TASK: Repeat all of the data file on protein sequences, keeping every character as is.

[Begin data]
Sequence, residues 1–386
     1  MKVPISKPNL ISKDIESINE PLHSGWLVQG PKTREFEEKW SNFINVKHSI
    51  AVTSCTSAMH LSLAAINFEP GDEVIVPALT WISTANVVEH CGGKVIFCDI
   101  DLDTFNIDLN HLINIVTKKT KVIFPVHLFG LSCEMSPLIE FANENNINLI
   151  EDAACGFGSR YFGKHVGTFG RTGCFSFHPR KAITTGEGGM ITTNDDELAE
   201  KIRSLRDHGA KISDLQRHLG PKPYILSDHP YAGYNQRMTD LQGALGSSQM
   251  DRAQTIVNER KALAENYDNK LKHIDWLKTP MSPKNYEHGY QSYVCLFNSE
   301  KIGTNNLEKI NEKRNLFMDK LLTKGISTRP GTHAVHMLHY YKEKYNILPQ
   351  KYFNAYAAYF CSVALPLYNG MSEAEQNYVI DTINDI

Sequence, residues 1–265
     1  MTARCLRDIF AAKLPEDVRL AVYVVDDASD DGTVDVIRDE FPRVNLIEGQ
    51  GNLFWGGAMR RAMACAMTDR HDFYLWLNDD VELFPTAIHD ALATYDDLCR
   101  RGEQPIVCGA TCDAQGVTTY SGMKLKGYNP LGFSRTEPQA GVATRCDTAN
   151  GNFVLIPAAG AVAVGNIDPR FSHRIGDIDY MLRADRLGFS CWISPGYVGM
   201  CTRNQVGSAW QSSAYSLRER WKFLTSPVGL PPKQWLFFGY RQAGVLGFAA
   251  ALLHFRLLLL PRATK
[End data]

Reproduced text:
Sequence, residues 1–386
     1  MKVPISKPNL ISKDIESINE PLHSGWLVQG PKTREFEEKW SNFINVKHSI
    51  AVTSCTSAMH LSLAAINFEP GDEVIVPALT WISTANVVEH CGGKVIFCDI
   101  DLDTFNIDLN HLINIVTKKT KVIFPVHLFG LSCEMSPLIE FANENNINLI
   151  EDAACGFGSR YFGKHVGTFG RTGCFSFHPR KAITTGEGGM ITTNDDELAE
   201  KIRSLRDHGA KISDLQRHLG PKPYILSDHP YAGYNQRMTD LQGALGSSQM
   251  DRAQTIVNER KALAENYDNK LKHIDWLKTP MSPKNYEHGY QSYVCLFNSE
   301  KIGTNNLEKI NEKRNLFMDK LLTKGISTRP GTHAVHMLHY YKEKYNILPQ
   351  KYFNAYAAYF CSVALPLYNG MSEAEQNYVI DTINDI

Sequence, residues 1–265
     1  MTARCLRDIF AAKLPEDVRL AVYVVDDASD DGTVDVIRDE FPRVNLIEGQ
    51  GNLFWGGAMR RAMACAMTDR HDFYLWLNDD VELFPTAIHD ALATYDDLCR
   101  RGEQPIVCGA TCDAQGVTTY SGMKLKGYNP LGFSRTEPQA GVATRCDTAN
   151  GNFVLIPAAG AVAVGNIDPR FSHRIGDIDY MLRADRLGFS CWISPGYVGM
   201  CTRNQVGSAW QSSAYSLRER WKFLTSPVGL PPKQWLFFGY RQAGVLGFAA
   251  ALLHFRLLLL PRATK